Small Things with Great Love

Lindsay Davis

At age 17, I already had my life mapped out: I would finish high school, attend Juilliard, join the Paris Opera Ballet and live happily ever after. I was dancing almost seven days a week. My entire existence was balancing trigonometry homework with stuffing my pointe shoes with lamb’s wool. I almost didn’t have time to think about boys — almost. I had big dreams. Nothing was going to stand in my way.

The previous few years had been a whirlwind. I was so overworked honing my craft that I would have sporadic episodes of passing out at dance class. Not unreasonably, my teachers dismissed it as pure exhaustion or dehydration. I began noticing I was becoming extremely tired and out of breath in these classes. I could barely get my heart to calm down after performing a routine. It wasn’t too surprising when I had trouble running the track in gym class. I felt so winded. I couldn’t catch my breath and started dragging behind. The coach yelled insults at me, hoping it would motivate me to pick up my pace.

I ended up at the nurse’s office several times over my high school career. The nurse excused my aforementioned symptoms and even some swelling I had, saying that I was exhausted from my schedule, or that I was hoping for an excuse to take a nap during school. I don’t blame her though: No one taught her, or any of my teachers, that a genetic heart condition was a possibility for someone my age. I looked completely normal despite the lingering death sentence looming inside my body. Many times after seeing the school nurse, my mom took me to an urgent care clinic where I was misdiagnosed with diseases ranging from asthma to chronic fatigue syndrome.

Everything came to a climax one night after school and ballet class. I was suffering from edema (swelling) so badly that my face was hardly recognizable. After consulting WebMD, like we all do, I attributed the swelling to the sodium in the extra-large helping of mashed potatoes and gravy I had on my way to dance class that day. I followed the online instructions to increase my water intake. The next day I was really swollen, and while at home, I collapsed on the way to the bathroom.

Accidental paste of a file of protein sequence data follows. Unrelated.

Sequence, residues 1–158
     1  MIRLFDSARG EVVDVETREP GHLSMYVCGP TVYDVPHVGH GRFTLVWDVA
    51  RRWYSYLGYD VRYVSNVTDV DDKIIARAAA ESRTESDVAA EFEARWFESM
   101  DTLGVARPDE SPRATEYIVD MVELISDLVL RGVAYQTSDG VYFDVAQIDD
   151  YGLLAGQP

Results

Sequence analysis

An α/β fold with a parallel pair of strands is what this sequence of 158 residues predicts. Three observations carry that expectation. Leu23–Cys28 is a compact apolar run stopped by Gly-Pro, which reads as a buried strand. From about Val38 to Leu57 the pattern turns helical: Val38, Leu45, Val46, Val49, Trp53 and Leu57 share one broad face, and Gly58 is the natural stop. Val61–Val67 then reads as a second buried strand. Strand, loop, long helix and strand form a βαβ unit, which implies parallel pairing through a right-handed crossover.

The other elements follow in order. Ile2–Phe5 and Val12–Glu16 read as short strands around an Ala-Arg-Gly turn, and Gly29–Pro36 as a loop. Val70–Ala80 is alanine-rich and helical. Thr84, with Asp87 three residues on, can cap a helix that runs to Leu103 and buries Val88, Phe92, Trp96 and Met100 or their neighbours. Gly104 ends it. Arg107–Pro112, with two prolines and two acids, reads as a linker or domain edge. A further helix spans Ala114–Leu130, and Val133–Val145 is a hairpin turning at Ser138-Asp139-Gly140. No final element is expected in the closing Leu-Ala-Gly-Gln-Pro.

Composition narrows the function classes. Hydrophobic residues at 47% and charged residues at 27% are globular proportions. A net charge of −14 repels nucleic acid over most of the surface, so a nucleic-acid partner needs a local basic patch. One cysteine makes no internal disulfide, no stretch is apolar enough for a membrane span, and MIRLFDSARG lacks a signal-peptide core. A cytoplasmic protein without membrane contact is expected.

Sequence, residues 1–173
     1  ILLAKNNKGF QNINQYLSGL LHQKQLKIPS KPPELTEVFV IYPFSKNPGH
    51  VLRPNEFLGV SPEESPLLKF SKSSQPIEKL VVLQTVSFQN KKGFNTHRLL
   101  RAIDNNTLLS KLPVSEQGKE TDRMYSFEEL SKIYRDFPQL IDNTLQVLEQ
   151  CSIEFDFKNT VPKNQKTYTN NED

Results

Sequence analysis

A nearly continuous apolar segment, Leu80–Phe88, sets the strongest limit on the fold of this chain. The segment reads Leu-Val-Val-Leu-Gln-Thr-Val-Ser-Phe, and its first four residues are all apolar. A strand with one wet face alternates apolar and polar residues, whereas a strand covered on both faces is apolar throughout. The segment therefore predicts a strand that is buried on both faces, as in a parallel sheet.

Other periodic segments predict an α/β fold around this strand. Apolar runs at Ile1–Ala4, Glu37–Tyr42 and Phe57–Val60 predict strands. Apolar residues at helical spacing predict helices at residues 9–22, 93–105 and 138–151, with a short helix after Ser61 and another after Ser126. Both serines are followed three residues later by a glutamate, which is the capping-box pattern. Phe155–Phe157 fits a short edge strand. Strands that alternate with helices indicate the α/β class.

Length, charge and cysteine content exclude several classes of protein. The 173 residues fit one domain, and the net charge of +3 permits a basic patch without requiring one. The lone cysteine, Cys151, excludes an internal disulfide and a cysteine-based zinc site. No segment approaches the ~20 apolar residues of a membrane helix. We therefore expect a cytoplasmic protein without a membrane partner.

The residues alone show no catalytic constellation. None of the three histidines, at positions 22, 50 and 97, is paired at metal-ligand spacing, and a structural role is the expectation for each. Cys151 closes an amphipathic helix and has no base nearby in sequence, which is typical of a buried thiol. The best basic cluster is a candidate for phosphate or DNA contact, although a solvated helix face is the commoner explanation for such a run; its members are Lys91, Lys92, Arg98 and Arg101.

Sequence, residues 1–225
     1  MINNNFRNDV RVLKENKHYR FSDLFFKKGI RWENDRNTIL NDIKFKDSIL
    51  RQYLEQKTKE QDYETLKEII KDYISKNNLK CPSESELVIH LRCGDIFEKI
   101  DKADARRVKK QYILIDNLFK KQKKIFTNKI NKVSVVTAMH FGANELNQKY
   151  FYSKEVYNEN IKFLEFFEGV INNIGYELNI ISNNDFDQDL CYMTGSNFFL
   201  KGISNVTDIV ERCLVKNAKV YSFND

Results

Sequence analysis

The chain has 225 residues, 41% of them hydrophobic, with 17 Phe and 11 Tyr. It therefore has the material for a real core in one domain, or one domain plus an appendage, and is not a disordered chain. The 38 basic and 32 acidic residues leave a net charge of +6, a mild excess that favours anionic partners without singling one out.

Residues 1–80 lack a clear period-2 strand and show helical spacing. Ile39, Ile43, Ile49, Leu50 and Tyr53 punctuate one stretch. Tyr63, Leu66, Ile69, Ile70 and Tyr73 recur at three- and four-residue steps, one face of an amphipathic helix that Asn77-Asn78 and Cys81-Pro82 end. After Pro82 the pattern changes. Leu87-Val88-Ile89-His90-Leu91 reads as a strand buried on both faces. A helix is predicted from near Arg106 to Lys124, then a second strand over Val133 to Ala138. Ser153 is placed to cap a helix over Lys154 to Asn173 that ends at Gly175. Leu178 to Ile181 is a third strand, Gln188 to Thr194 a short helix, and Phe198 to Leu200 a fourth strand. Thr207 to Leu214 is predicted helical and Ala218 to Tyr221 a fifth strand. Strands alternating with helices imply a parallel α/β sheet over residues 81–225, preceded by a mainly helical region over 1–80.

I was rushed to the emergency room with 20 pounds of swelling from extra water in my body. This is a rare and relatively unknown symptom of an underlying heart condition, and it wasn’t until a resident at the Cleveland Clinic thought he heard a heart murmur that they even considered looking at my heart. Several more doctors were brought in to confirm the murmur. Having all these people listening to my chest, I felt like a human seashell with the sound of the ocean inside me. Over the next few hours I was subjected to a battery of tests without anyone telling me what was going on. Afterward I was visited by Dr. Lever, a cardiologist, who got right to the point and told me I had a heart condition called hypertrophic cardiomyopathy (HCM). My mom literally passed out from shock. They put her in the hospital bed adjacent to mine, and when she recovered he explained to both of us what HCM is and that my activities with dance might be limited.

If you’re old enough, you might remember basketball players Reggie Lewis and Hank Gathers, both of whom died from undiagnosed, underlying heart conditions. Hank Gathers’ death in 1990 shocked the college basketball world when he collapsed on the court, was taken to the hospital and died there shortly after. Three years later, Lewis suffered a sudden cardiac arrest at age 27 while practicing for his next season with the Boston Celtics. Both of these top-flight athletes had HCM that led to their deaths from sudden cardiac arrest. These two men just scratch the surface of a condition that typically flies under the radar for the majority of people. We have a silent killer on the loose and a serious problem on our hands.

How much of a problem? It is estimated that more than 7,000 people younger than 18 experience an out-of- hospital sudden cardiac arrest and common causes of sudden death in competitive young athletes include HCM (26 percent), and coronary artery anomalies (14 percent).

So how do we keep as many young athletes as possible from becoming one of these statistics? How do we stop these senseless and sometimes preventable deaths?

I would like to work both from the ground up and the top down on this issue. According to one survey, 72 percent of young people who had SCA had recognizable symptoms that went unnoticed. In other words, nearly three-quarters of them were symptomatic! So here is one place we can make a change: Educate our coaches, teachers and parents to recognize the symptoms of underlying heart conditions. We can change this. We can save the lives of student-athletes.